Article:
Archive for May, 2008

Pet Tethering

May 26, 2008

Tether Training

The purpose of tethering is to confine your new dog an area near you where he/she will be safe and secure without causing problems in your home. The tether is a short plastic coated wire cable with a snap on one end and a loop on the other. It should be approximately 2 to 3 feet long. The short length of the tether is essential to prevent the dog from becoming tangled. The snap enables you to quickly attach the tether around any heavy furniture leg or through an eyebolt. It is plastic coated to prevent damage to the furniture. It can also be used in the car around seat belts. The cable is wire to prevent the dog from chewing through it. We suggest using several tether locations, one in the kitchen, in the living room, near the bed, and in the car.

When you bring your new dog or puppy home and have time to spend with him/her, the dog must be tethered near you or on a leash with you at all times. If you cannot supervise your dog, he/she should be in the crate or outside. The tether is used for training, not as a crutch.

The tether enables your dog to be in the house at all times. Never use the tether outside and do not use the tether if your dog is alone in the home. You don’t need to be in the room but you must be at home. This will actually increase your dog’s freedom. The dog will be able to go more places with you if you can place the dog knowing he/she will fell secure and not create a problem.

We recommend continued use of the tether and crate until the dog fully understands the new environment, with a gradual reduction thereafter.

Use of the tether allows for the following:

Bonding – Allowing the new dog to be with or near you is essential to creating a loving and secure relationship between you and your dog. If there is no place available to tether the dog, keep the dog with you at all times by holding the leash or securing it to your belt loop.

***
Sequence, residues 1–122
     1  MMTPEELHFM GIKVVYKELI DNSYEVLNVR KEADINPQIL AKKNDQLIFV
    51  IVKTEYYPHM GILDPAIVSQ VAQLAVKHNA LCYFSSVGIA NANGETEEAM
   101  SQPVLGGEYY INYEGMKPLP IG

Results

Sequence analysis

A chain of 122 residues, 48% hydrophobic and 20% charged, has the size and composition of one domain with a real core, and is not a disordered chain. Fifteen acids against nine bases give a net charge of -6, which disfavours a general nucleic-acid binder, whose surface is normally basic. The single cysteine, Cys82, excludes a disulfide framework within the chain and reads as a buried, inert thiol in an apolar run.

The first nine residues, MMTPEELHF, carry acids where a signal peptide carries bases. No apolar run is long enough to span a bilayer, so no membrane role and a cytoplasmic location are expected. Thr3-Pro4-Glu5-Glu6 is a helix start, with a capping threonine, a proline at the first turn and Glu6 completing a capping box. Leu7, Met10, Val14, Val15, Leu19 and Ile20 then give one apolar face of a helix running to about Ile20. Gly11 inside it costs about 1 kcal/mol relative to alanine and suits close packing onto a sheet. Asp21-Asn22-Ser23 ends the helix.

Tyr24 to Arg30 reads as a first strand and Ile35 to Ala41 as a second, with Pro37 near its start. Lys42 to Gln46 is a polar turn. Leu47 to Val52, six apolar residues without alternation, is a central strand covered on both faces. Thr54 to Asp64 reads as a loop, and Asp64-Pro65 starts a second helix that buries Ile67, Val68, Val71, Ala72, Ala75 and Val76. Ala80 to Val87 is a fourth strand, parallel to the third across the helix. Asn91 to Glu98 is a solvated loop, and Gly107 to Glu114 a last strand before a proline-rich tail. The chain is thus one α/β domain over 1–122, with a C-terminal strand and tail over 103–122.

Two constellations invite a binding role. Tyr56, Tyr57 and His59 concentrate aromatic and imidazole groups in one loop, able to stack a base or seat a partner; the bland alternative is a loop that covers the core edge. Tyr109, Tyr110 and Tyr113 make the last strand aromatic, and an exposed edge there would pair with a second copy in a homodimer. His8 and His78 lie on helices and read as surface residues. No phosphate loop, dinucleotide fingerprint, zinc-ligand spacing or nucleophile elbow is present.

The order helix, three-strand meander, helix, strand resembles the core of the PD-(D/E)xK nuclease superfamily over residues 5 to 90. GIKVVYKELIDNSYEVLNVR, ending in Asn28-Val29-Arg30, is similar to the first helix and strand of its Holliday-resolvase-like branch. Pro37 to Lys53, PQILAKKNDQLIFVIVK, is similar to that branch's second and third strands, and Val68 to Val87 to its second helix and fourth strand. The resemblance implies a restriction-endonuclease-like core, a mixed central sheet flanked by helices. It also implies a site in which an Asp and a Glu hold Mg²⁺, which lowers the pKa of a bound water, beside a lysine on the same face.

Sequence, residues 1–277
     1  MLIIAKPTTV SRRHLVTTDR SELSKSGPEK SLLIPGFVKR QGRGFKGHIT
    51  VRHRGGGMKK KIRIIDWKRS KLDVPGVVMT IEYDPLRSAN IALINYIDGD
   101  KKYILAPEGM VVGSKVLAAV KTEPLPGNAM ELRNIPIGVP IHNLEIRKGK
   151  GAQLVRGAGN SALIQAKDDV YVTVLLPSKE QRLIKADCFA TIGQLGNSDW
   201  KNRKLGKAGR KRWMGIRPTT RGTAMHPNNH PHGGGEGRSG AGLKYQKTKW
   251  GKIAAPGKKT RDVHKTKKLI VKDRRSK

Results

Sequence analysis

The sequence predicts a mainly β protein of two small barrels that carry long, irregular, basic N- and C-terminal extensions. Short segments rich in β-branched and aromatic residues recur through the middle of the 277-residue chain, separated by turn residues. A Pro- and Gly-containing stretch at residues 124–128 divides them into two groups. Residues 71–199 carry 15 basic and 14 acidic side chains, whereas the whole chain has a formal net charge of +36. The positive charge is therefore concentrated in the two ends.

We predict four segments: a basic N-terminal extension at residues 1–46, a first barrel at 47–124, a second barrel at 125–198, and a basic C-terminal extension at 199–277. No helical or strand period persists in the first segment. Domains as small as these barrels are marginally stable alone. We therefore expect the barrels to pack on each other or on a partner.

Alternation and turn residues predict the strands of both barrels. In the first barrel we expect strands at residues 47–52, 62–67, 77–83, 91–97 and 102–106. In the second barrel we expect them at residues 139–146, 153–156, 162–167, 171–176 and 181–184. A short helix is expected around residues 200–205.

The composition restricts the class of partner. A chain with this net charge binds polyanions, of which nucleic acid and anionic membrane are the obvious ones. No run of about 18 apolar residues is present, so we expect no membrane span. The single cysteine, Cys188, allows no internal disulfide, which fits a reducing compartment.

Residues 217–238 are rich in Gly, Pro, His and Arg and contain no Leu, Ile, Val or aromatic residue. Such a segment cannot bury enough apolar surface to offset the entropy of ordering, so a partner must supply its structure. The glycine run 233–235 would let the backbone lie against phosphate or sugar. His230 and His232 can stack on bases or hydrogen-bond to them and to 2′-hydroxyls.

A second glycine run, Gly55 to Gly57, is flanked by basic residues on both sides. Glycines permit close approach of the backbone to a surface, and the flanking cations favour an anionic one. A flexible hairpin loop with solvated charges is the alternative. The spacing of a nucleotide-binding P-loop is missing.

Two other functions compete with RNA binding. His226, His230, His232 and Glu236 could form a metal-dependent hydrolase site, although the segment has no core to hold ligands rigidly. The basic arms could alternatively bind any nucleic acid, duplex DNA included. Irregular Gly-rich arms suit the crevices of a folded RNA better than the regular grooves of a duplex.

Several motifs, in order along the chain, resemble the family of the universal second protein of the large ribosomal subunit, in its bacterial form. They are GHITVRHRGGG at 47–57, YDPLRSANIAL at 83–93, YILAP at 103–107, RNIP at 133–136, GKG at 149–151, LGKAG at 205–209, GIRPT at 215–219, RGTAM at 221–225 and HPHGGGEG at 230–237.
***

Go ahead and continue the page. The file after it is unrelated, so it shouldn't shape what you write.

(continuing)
Security – Tethering gives the dog the security of knowing where he/she belongs and how to act, not only in your home but when you take the dog to a new environment.

Housebreaking – Dogs do not like to relieve themselves in their immediate area. Make sure you take your dog out on a routine basis and praise appropriate elimination. If elimination does not occur, return the dog to the crate for 15 to 30 minutes and then take out again.

Calming – Tethering calms the dog inside the home or car. The dog should be on the tether for a minimum of 30 minutes and can stay tethered for longer.

Destructive Chewing – Close tethering prevents the dog from destroying your possessions. Provide stationary toys such as Nyla-bones or Flossys. Do not use balls that might roll away and cause the dog to bark.

Socialization – By using the tether you are allowing your dog to be near you but not to be the center of attention 24 hours a day.

A dog who can be tethered without causing problems, possesses a skill that will be handy in many situations over his/her lifetime. Remember the dog’s greatest joy in life is to be near you and to please you. ASPCA

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